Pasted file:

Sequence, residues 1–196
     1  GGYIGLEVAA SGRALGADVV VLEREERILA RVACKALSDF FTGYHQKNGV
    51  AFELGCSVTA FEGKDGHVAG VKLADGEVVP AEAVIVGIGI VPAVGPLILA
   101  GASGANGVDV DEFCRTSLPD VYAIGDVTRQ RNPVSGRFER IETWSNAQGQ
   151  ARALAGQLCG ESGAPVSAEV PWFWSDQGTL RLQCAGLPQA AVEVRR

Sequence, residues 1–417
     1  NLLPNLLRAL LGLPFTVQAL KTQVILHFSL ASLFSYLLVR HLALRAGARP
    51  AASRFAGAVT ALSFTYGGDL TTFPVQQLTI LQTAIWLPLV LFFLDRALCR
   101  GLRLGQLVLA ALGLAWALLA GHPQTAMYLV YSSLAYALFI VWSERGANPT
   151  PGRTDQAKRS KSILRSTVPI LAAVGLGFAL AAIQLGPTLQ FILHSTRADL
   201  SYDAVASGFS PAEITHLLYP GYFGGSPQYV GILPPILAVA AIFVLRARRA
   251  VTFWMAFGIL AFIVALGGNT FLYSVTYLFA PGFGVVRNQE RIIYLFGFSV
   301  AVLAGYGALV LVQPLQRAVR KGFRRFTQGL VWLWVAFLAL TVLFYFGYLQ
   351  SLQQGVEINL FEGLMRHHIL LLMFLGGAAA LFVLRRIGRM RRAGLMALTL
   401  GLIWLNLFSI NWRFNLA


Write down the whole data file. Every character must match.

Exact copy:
Sequence, residues 1–196
     1  GGYIGLEVAA SGRALGADVV VLEREERILA RVACKALSDF FTGYHQKNGV
    51  AFELGCSVTA FEGKDGHVAG VKLADGEVVP AEAVIVGIGI VPAVGPLILA
   101  GASGANGVDV DEFCRTSLPD VYAIGDVTRQ RNPVSGRFER IETWSNAQGQ
   151  ARALAGQLCG ESGAPVSAEV PWFWSDQGTL RLQCAGLPQA AVEVRR

Sequence, residues 1–417
     1  NLLPNLLRAL LGLPFTVQAL KTQVILHFSL ASLFSYLLVR HLALRAGARP
    51  AASRFAGAVT ALSFTYGGDL TTFPVQQLTI LQTAIWLPLV LFFLDRALCR
   101  GLRLGQLVLA ALGLAWALLA GHPQTAMYLV YSSLAYALFI VWSERGANPT
   151  PGRTDQAKRS KSILRSTVPI LAAVGLGFAL AAIQLGPTLQ FILHSTRADL
   201  SYDAVASGFS PAEITHLLYP GYFGGSPQYV GILPPILAVA AIFVLRARRA
   251  VTFWMAFGIL AFIVALGGNT FLYSVTYLFA PGFGVVRNQE RIIYLFGFSV
   301  AVLAGYGALV LVQPLQRAVR KGFRRFTQGL VWLWVAFLAL TVLFYFGYLQ
   351  SLQQGVEINL FEGLMRHHIL LLMFLGGAAA LFVLRRIGRM RRAGLMALTL
   401  GLIWLNLFSI NWRFNLA